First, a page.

Favorite among the laya-yogÄ«s is the mantra “Om, aim, klÄ«m, strÄ«m.” “Om” is introductory; the other three are called “seed” mantras; aim being the seed of speech or intelligence, in the first lotus, klÄ«m the seed mantra of love, in the heart lotus, and strÄ«m the seed mantra of power, in the eyebrow lotus. On the chitrinÄ« canal at these points there are granthis, or “knots,” which obstruct the advance of kundalinÄ«. With the aid of these mantras, they are broken through. Great results are said to accrue from many repetitions of this mantra, which must be said neither too quickly nor too slowly.

The mantra Om, which is used at the beginning and end of all prayers, needs special mention. It is considered to have a harmonizing effect, as being the word, or true name, not merely the appellative name, of the “one life without a second.” It is composed of three letters, a, u, and m, and can be pronounced with the a and u both distinctly heard, or, as is more usual, with the two blended together as O. The meaning may be derived in the following way. As a is sounded from the throat, it is the beginning of all sounds, and as m is formed by the closing of the lips, it is the end, u being in the middle.

Therefore when Om is properly sounded with a glide from one letter to the next, it is the complete word. And since sound is creative power, Om is not only the natural name of God, but pronunciation of it is a means to harmony with the divine.

The same idea is symbolically represented in the Shāndilya Upanishad, where the yogī is told to meditate, using the pranava that is, Om, at the same time thinking of three goddesses: Gāyatrī, a girl of reddish color, seated on a swan and carrying a mace, who represents the letter a; Sāvitrī, a young woman of white color, mounted on an eagle and carrying a disc, who represents the letter u; and Saraswatī, a mature woman of dark color, riding on a bull and carrying a trident, who represents the letter m. Those goddesses are the wives and shaktis, or powers, of the three members of the Trinity—Shiva, Vishnu and Brahmā—who together constitute the one Brahman. The yogī is told to use the proportions sixteen, sixty-four and thirty-two for breathing during this meditation.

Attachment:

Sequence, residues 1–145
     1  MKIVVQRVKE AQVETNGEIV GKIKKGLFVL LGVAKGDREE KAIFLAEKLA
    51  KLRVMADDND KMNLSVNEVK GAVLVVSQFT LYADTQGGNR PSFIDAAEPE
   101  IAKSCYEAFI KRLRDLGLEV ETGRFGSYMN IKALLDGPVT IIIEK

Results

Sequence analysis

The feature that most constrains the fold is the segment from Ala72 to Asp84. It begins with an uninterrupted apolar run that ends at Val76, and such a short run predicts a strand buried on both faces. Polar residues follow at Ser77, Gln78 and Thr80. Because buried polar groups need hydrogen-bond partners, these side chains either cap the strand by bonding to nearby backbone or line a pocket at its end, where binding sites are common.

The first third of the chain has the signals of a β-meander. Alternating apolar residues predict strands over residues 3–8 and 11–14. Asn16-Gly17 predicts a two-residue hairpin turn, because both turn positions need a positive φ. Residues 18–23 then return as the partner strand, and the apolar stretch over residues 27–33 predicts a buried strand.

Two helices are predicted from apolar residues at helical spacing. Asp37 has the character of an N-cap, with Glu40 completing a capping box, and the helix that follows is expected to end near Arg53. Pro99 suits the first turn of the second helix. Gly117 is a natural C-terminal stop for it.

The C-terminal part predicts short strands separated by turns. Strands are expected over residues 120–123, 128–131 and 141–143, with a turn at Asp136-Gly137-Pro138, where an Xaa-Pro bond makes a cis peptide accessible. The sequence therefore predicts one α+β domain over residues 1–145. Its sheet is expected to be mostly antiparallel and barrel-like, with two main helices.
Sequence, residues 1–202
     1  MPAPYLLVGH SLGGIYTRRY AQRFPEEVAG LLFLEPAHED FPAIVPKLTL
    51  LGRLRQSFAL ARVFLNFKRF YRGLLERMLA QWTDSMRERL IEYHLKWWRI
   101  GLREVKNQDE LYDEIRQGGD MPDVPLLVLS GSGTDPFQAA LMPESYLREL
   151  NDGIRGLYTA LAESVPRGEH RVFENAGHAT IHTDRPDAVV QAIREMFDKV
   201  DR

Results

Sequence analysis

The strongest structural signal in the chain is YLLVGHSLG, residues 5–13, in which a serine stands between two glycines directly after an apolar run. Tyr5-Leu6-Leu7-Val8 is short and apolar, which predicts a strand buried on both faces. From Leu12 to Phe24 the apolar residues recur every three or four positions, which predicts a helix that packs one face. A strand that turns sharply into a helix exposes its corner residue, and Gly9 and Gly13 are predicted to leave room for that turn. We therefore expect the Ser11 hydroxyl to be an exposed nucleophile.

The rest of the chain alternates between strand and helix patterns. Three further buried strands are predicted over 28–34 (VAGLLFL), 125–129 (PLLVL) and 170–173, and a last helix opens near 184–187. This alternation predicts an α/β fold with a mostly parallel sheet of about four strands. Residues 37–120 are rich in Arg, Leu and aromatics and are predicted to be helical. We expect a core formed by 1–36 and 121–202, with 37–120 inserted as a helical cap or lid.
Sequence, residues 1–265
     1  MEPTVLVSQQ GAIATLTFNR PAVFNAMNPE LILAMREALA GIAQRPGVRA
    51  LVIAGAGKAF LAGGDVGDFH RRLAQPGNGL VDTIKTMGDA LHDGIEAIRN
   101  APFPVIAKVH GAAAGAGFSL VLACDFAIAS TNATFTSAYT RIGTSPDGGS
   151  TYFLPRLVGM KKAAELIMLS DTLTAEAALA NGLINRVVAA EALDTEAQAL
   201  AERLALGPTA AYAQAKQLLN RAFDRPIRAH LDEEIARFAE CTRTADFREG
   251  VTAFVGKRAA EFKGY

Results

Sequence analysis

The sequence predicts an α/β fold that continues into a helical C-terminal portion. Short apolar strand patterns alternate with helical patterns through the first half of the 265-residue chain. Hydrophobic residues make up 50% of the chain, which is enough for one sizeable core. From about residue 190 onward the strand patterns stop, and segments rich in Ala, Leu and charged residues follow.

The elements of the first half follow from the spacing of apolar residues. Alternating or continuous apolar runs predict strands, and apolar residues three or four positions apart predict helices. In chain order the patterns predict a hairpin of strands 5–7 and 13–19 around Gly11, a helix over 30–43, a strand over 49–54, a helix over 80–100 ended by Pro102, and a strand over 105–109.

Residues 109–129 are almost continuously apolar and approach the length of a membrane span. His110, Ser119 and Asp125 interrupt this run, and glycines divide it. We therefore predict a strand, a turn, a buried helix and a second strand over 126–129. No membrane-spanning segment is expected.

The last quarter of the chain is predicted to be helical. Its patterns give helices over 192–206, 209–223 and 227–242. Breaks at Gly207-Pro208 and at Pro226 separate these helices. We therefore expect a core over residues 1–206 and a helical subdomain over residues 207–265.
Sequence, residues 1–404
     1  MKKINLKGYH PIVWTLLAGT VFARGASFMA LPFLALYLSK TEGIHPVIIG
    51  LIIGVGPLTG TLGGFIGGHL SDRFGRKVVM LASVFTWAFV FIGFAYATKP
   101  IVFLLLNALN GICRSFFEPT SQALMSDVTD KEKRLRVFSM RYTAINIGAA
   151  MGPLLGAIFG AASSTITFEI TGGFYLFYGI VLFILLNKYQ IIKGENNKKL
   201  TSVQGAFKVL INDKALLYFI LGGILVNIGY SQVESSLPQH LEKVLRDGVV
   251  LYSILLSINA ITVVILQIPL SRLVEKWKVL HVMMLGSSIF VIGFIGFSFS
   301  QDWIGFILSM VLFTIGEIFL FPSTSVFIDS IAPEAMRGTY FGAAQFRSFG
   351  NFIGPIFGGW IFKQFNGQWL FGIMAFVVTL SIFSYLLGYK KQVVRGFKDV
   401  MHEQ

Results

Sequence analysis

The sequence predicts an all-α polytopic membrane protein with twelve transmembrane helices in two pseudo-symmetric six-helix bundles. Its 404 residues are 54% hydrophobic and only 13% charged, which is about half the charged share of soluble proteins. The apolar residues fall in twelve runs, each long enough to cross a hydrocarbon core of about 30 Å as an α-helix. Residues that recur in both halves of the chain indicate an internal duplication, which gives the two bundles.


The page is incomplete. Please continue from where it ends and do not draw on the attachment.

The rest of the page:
Very closely allied psychologically with the mantra-yoga is the practice of art in connection with religious matters. Just as the repetition of certain words helps the devotee to keep his mind well concentrated, so in the case of the temperament which runs to external creativeness, painting and sculpture is a means of holding up and preserving the desired emotional and mental states. The whole process is like damming up a valley and so conserving the water for the constant use of the countryside. Art may be looked upon as a form of yoga. Shukrāchārya says: “Let the image-maker establish images in temples by meditation on the deities who are the objects of his devotion. In no other way, not even by direct and immediate vision of an actual object, is it possible to be so absorbed in contemplation as thus in the making of images.”

Out of this inevitably comes beauty, even when the intention to do so is not intellectually formulated, for action well done always produces that effect in some natural way. Thus, for example, the limbs and figure of the racehorse are wonderfully beautiful because of the skill developed in running, and also the running is beautiful to see. When an artist does his best, the same effect is produced, both in the man and in the work. This itself constitutes a kind of union with the divine, for if it can be said that God is expressible in material form, it must be in beauty, since that is the one thing in the material world of which the soul never tires.

To understand all this theoretically one has to remember that in the use of the senses there are three factors—the conscious being, the sensations (as of color, or sound) and the sense-organ (including the whole mechanism from the eye or the ear to the brain-center). Occultly, the sensations are something in themselves, which the mind carries within itself even away from the body. The objects of the world with their colors etc., are expressions of these sensations in innumerable combinations, brought about through action-organs, and then those objects can arouse the sensations again through the sense-organs.

These sensations are vastly important, because they arouse the attentiveness of the consciousness, and assist its concentration or attentiveness and so enrich its content and power. When consciousness is stronger, clearer, its power is greater. Thus sensations are carriers of the will, both ways—from man to the world and from the world to man. It is easy from this principle to see how all that is going on in this world is a sort of magic. In that magic we get our most formative and delighting effect in what we call beauty, and all things affect us through the shock of beauty or through the lesser process of repetition. Deliberate use of this process is a form of yoga; in the case of the latter method, repetition, we have the mantric effect.